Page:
Here's what they say about themselves on their website.
Backed by AT&T and Stanford's startX, eduCanon is an online learning environment to create and share interactive video lessons. Teachers begin with any online video (screencasts, Khan Academy, TED, etc.) and transform what is traditionally passive content into an active experience for students, with time-embedded activities.
Edpuzzle is yet another system to create interactive videos and track student engagement, assess their understanding. You can choose videos from a variety of sources, trim the video, add audio narration and questions and then track student progress. Easy to use and you can upload your own videos to their servers to avoid any youtube blocks for your students, or simply assign it as homework.
There are many ways to use video in the classroom as an interactive, engaging tool.
What tools do you use? YouTube has some quick and easy tools that I will show you another time...
Use Ted-Ed lessons to amplify your great lessons!
TED talks have been around for years and offer engaging talks about technology, education and design. TED-Ed takes this one step further and now offers an amazing array of excellent lessons that you can use in your class as is, or modify to suit your curriculum. You can use the lesson creator and make your own lessons too. You can even take any educational video, modify it and submit it to the review panel to be animated and added to the site. "TED-Ed's mission is to capture and amplify the voices of great educators around the world. We do this by pairing extraordinary educators with talented animators to produce a new library of curiosity-igniting videos. "
These videos can help engage your learners and serve as an introduction to a lesson, a springboard for discussion, or just a way to differentiate and add choices for your students.
You can sort prepared lessons in various ways, including- content, student, duration. Another way to find interesting videos is to use the Series option. Students from elementary grades through higher ed can all benefit.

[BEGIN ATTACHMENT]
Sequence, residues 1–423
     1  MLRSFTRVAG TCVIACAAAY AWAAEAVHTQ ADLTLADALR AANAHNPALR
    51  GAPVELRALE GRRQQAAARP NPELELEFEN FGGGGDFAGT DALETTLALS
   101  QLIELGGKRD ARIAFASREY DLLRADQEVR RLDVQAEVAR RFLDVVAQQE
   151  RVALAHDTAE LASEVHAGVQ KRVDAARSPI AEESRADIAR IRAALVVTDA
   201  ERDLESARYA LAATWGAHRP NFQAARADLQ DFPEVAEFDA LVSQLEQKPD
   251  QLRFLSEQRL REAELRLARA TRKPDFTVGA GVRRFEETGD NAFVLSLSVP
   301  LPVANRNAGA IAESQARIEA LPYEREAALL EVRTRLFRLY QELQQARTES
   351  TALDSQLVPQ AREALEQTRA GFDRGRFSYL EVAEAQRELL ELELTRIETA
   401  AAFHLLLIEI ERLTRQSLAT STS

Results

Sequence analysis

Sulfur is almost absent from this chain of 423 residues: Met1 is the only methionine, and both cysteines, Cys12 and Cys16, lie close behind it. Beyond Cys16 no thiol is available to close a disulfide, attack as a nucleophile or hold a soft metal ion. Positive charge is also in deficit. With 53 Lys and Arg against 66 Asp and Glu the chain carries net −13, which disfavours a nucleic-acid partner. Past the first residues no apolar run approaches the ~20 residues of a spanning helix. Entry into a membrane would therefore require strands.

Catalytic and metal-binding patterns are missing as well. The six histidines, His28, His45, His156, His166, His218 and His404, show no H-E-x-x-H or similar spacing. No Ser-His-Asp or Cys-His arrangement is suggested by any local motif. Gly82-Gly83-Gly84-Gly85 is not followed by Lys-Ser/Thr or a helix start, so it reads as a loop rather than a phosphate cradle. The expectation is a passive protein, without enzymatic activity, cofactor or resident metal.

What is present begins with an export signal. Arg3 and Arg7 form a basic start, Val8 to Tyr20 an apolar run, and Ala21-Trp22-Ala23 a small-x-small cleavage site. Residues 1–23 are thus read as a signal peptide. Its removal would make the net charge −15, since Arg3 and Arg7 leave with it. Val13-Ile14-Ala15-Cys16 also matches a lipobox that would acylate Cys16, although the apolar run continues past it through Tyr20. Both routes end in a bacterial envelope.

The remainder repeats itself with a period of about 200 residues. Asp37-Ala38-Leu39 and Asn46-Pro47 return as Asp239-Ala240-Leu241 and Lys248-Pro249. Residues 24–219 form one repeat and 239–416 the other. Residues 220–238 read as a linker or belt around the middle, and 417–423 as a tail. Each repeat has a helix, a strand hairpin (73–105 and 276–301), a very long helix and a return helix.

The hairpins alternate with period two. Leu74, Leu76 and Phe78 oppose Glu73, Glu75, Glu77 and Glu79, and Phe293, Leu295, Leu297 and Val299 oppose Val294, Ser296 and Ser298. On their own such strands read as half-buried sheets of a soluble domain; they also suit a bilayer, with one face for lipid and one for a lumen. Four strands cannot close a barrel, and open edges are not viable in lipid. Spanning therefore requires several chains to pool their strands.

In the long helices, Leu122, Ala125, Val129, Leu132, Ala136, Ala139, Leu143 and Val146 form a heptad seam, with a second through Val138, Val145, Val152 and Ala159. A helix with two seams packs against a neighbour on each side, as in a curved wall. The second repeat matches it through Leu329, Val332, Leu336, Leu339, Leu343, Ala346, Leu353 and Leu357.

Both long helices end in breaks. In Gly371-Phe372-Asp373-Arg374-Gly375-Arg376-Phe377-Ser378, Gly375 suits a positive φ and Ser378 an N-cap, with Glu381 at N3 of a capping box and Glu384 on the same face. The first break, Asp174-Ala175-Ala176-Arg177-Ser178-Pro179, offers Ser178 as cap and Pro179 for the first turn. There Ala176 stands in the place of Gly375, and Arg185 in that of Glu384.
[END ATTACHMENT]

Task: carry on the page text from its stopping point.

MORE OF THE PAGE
Each lesson has 4 parts: Watch, Think, Discuss, and Dig Deeper.
Here's a couple ideas for elementary age students: Sponge Bob math lesson and a lesson on heros from Matthew Winkler
Looking for Writing or Grammar videos?
Check out How misused modifiers can hurt your writing
Richard Byrne has compiled an excellent playlist of TED-Ed videos on the Human Body
There are some great Social Studies and History choices too!
Check out the TED-Ed blog for more great ideas!
Make history by recording it with StoryCorps
"Everyone has a story. What’s yours? What about your parents and teachers? Your elders and mentors? Now is a great time to add all of these stories to the largest living archive of human voices on the planet: StoryCorps."
I started to use Kahoot! with students last year as the 3rd grade was finishing up some work on the Solar System. The students in 3B were thrilled to take this quiz, very engaged, and begged to take it again. They even decided to go home and create their own quizzes for their peers to try. Kahoot is simply a way to do a very engaging online quiz, discussion or survey. So, what's a Kahoot? Online quizzes, discussions or surveys. They are simple to create or you can probably find one in the thousands shared by teachers online and simply modify it to fit your topic or age group. You can use this as an assessment, since the data from all students will come into your teacher dashboard, or assign it to your students to come up with a way to help themselves or their peers review for an exam.
Here's a tutorial to check it out.
Another similar assessment tool is Socrative. Socrative is less "game show" like, but still engaging for your students and a fun way to do a quick assessment.
From the web site:
" Socrative empowers you to engage and assess your students as learning happens. Through the use of real-time questioning, result aggregation, and visualization, you have instant insight into levels of understanding so you can use class time to better collaborate and grow as a community of learners."
Looking for More Ideas?
Check out the video below with other tools you may enjoy using in your classroom for assessment.
Follow Ups to October PD